Shall we amble around the grounds together?

There is a little museum paying homage to the sugar bush of days past.

A workshop mockup lies behind the rail. The wide angle lens stretches everything into the distance.

When I got near the far corner of the corridor above, I took this photo. Colour or mono? As usual, I like them both, but I converted all of the rest of the photos, so I thought that I should also show one in colour.

Henry's Garage houses an ancient Model T, and that is all that it houses. I really needed my wide angle lens to get the interior photo, for there is precious little room between the fence and the car. As before, this lens stretches the distance. 

The signage, just above the garage. 

I think my photo of the old boiler shack ↓ (I assume that’s what it is) is my favourite of this visit. 

Or maybe I like the car better. Hmmm.

Point of View

Where are we, and what is Sue looking at?

Long time readers should soon be able to answer correctly: if not the name of the place, at least what it is.  You may already see enough in the background to inform you. If you are a newer reader, since the pandemic anyway, you likely don't know although I have posted about it once, just last fall.

Now you see more of the background, but you are looking away from what my lady is looking at. Perhaps my lumberjacket-style coat helps although that thought just comes to me now.

Heather is being a card and holding up an orange slice

Now, take a gander at our plates.

Yes, we are at the sugar shack – Wheelers Pancake House and Sugar Camp. It's located deep in the hinterland, about 45 minutes from home.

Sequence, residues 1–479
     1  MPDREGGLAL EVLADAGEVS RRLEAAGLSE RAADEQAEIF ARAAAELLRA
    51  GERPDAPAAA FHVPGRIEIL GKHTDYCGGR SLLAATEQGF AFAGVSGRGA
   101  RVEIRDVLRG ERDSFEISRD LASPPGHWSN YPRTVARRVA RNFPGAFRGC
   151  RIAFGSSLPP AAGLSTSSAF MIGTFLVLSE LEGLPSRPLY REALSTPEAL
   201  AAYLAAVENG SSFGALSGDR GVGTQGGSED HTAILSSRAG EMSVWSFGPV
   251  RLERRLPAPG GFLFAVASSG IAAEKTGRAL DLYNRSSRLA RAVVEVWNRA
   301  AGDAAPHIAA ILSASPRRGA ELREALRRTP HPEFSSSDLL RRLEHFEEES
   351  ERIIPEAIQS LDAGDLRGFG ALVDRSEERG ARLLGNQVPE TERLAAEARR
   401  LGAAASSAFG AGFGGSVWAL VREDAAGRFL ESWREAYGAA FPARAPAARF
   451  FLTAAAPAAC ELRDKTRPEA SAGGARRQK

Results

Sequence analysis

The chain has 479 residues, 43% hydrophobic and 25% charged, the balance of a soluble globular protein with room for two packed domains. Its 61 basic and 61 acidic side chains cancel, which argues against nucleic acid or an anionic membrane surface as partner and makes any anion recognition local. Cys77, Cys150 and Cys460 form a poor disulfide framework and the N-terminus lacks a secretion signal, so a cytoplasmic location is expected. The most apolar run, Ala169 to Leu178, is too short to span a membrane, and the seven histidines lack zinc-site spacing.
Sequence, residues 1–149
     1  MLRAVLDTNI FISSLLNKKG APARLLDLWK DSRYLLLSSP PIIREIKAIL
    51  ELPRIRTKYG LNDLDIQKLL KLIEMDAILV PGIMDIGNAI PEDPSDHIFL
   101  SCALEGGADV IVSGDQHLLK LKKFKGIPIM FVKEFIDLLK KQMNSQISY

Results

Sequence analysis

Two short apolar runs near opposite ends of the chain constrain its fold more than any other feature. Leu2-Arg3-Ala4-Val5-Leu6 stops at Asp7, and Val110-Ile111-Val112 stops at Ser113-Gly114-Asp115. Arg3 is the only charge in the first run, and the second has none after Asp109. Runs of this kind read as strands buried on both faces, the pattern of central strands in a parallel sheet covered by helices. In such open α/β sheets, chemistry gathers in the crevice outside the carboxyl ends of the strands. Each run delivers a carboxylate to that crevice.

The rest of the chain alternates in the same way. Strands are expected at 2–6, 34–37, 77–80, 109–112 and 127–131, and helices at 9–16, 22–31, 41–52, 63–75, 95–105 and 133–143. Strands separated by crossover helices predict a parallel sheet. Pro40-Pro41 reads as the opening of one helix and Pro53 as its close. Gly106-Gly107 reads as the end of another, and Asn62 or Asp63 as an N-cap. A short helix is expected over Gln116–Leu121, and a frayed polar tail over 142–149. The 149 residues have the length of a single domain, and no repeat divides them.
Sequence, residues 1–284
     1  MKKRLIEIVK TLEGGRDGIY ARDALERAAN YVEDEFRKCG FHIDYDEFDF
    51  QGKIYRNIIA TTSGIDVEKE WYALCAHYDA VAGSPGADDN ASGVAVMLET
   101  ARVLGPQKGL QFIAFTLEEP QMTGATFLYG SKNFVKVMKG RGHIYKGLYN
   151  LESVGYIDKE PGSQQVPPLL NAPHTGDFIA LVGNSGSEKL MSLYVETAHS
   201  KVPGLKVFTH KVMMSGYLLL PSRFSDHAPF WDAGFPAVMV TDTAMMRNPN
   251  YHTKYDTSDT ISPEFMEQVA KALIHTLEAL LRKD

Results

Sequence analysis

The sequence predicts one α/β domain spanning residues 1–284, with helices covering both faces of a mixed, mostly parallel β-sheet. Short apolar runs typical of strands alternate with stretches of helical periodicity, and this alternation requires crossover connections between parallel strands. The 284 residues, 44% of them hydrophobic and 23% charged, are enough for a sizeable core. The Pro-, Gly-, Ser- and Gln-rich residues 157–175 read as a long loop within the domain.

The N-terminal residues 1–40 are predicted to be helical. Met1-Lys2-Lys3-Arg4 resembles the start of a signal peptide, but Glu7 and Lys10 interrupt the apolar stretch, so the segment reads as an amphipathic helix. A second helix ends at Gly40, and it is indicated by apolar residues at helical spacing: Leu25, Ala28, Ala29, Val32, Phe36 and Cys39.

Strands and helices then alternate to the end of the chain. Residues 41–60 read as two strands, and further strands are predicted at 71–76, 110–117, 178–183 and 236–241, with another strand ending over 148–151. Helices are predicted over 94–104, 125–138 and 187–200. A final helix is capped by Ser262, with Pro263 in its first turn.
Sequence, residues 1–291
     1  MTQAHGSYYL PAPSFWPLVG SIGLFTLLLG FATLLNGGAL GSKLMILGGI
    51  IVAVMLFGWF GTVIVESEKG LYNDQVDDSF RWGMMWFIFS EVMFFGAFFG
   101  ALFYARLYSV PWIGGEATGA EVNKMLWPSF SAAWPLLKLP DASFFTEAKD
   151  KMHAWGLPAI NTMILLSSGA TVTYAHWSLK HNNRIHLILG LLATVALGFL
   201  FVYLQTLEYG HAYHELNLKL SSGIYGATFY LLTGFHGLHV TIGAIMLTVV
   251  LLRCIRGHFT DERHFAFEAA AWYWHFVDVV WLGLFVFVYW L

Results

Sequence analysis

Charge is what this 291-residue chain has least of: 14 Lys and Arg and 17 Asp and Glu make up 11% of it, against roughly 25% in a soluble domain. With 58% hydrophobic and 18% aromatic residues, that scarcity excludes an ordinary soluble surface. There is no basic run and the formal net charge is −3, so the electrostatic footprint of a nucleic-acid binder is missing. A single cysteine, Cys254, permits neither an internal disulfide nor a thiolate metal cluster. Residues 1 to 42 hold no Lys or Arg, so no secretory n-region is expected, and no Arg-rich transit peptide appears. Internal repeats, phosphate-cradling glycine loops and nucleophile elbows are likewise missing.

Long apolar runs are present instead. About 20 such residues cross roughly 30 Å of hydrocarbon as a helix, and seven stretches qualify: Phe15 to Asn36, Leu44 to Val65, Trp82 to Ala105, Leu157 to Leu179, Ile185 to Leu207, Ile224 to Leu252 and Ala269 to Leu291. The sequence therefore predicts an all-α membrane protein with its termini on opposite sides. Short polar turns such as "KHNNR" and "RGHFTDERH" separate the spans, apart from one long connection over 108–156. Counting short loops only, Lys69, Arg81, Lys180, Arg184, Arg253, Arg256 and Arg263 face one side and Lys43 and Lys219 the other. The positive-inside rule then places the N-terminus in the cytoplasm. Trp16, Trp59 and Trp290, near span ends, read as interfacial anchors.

Although the maple syrup season is all but done for the year, they keep the restaurant going all year, and this was our traditional spring pilgrimage. We often make the excursion twice a year — once in spring and once in autumn — often, but not always.

We put off our spring trip until Heather was visiting because we have visited several times with her, and it's an experience that we all enjoy. After the snowfall of the library talk, the day was sunny and also warm – in a modest Canadian-April way if you understand.

So, what had Sue been staring at in the first photo? It is behind her in this photo.

Yes, it was the grand fireplace that caught her attention, especially since her photo theme this week is Point of View. So she got her phone to the base of the fireplace and took a picture looking up, which is a grand point of view, don't you think?

And . . . we made a selfie with Sue's phone. I held it, and Sue triggered it from her watch.

Nice trip, good food, great company: what an enjoyable and satisfying few hours

Thursday, April 21, 2022

Book Talk in a Snowstorm

I'm pretty sure that it happens every April – s snowstorm, I mean. They're not all truly storms, but whatever they deserved to be called, they are not wanted in April.

I have told you that Heather is here this week to travel hither, thither and yon to discuss Cracked Pots. Tuesday was her day to be at our local library, and that was the snowy day. If any day had to be snowy, and apparently one day did, it's a good thing that it was for Heather's most local gig.